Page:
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The colour of a gemstone is the most important quality and defining characteristic.

When talking about the colour of a gemstone we reference their Hue, Tone and Saturation.

  • Hue – the dominate colour of the gemstone such as red, green or blue.
  • Tone – how light or dark the gemstone appears
  • Saturation – the strength or intensity of the hue

For most gemstones the most desirable and valued stones are those with an intense heavily saturated colour with a medium tone. Colour is the number one factor in determining the value of a gemstone, closely followed by transparency.

Inclusions are completely natural and present in all gemstones, this is what gives them their own uniqueness. There are some gemstones which have a low number of inclusions such as Aquamarine, whereas some have a high number of inclusions such as an Emerald.

Clarity is an important factor to consider with gemstones. A gemstone with a high number of inclusions will affect the transparency of the stone which in turn affects the beauty and value.

A good cut is marked by its ability to reflect light evenly and showcase the colour of the gemstone as well as having good proportional and symmetrical appearance.

The Carat weight of a gemstone often doesn’t accurately reflect the size of the stone like it does with a diamond. The reason for this is that all gemstones have different densities which means two gemstones which are the same size in appearance may actually be different Carat weights. For this reason, gemstones are often described by their dimensions (E.g. 5mm x 3mm)

Emerald has a rating of 7.5 – 8 on the Mohs scale (the Mohs scale specifically rates the ability of a gemstone to withstand scratching and abrasions on a scale from 1 to 10). While Emerald has a high rating on the scale the toughness and durability are only considered fair so this is not a gemstone we would recommend for everyday wearing.

Emeralds are naturally heavily included and will often have surface breaking fissures. Inclusions in Emerald are widely accepted and add to the individuality of each gemstone.

As most Emeralds are heavily included and have surface breaking fissures around 98% of all Emeralds worldwide are ‘oil’ treated to try to enhance to clarity. This treatment is accepted as common practice within the industry.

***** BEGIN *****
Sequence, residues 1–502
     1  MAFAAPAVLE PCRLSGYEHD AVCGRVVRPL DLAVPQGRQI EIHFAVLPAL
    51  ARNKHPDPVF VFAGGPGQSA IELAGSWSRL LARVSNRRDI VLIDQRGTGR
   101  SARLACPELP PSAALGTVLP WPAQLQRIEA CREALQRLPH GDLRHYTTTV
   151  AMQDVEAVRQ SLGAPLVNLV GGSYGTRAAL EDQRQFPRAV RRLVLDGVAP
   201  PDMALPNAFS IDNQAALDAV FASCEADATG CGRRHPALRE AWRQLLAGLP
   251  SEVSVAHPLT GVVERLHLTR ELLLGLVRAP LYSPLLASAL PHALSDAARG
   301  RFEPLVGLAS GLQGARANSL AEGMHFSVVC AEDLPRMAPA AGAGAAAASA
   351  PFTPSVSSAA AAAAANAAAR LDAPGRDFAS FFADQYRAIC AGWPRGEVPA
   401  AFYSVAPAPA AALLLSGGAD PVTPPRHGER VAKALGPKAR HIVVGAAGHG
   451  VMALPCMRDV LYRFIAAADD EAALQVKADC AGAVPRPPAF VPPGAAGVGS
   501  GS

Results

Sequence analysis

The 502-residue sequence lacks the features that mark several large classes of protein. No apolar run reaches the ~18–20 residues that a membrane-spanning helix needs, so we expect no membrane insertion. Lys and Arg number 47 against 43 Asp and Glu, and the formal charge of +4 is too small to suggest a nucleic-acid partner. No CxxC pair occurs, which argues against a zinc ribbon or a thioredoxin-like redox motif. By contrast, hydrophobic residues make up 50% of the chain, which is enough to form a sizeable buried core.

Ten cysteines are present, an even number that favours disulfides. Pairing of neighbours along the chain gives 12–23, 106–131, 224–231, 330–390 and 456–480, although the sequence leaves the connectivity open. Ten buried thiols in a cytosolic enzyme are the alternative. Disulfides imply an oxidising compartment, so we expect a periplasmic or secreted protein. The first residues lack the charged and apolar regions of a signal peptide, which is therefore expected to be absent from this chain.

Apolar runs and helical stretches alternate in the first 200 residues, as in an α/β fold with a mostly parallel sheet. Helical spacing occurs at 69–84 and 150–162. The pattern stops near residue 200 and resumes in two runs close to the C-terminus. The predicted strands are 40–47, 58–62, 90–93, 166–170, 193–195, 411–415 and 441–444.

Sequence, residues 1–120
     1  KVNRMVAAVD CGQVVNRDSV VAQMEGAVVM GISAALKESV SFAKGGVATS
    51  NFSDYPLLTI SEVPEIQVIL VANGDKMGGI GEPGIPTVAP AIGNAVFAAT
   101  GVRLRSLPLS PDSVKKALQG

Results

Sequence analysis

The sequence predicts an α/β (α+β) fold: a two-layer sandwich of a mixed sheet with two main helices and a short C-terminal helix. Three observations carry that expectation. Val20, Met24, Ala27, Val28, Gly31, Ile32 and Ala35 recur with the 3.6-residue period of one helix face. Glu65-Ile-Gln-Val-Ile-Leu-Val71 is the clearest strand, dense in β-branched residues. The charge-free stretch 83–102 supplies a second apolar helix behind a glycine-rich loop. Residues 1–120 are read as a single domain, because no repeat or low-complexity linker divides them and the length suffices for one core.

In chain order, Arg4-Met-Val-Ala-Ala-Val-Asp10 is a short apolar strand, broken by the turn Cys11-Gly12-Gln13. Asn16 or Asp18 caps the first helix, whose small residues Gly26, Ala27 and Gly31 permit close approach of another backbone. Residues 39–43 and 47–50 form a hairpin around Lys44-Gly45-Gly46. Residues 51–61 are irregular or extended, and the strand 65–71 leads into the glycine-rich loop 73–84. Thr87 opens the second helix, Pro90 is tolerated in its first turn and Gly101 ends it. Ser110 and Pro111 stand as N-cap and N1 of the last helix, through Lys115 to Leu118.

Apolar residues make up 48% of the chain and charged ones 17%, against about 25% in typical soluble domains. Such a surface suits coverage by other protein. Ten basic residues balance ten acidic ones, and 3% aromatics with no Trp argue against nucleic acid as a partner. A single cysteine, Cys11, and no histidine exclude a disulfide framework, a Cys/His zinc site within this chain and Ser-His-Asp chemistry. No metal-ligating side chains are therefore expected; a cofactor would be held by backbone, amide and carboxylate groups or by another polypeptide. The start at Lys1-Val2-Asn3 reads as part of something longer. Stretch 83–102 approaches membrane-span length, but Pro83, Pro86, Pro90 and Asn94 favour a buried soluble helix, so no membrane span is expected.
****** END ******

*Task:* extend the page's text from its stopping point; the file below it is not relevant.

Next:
There are a number of other treatments which are not accepted within the industry. This includes resins, glass and plastic polymers that are melted into the gemstone. We do not sell any Emerald gemstones which have been subject to any of these treatments.

Emeralds can vary in colour from light green to very dark green. The colour is considered the most important factor when pricing an Emerald with the most valuable and desirable being bluish green to green.

It is important that Emeralds are carefully handled because of their brittleness. Cleaning techniques which use chemicals, steam or high heat should never be used.


Ruby and Sapphire
Ruby and Sapphire gemstones have a Mohs rating of 9 which means they’re one of the hardest gemstones, making them ideal for everyday use (the Mohs scale specifically rates the ability of a gemstone to withstand scratching and abrasions on a scale from 1 to 10). These gemstones are part of the Corundum family.

Ruby gemstones exist in different shades of red, from pale pink to near burgundy. The colour of a Ruby is by far the most important factor to consider when making an evaluation. For instance, a vivid, medium-dark red commands a much higher price than a pale pink Ruby.

The most commonly found Sapphire gemstones are pink and blue but they do exist in a number of shades including orange, yellow and brown.

Ruby and Sapphire gemstones are formed deep in the earth’s crust and are found all over the world including countries such as Thailand, India, Sri Lanka, Burma, Australia and more.

Ruby and Sapphire gemstones will always have visible inclusions. This is completely natural and gives the gemstones its own uniqueness.

Heat treatment on Ruby and Sapphire gemstones is used widely accepted and used within the industry with over 95% of all Ruby and Sapphires being heat treated. This is done to increase the beauty and desirability of the gemstone. Heat treatment is the only treatment accepted within the industry, other treatments such as fracture filling, surface dyes, infusion, irradiation and beryllium are not accepted. We do not sell and Ruby or Sapphire gemstones which have been subject to any treatment other than heat treatment.

Sapphire and ruby

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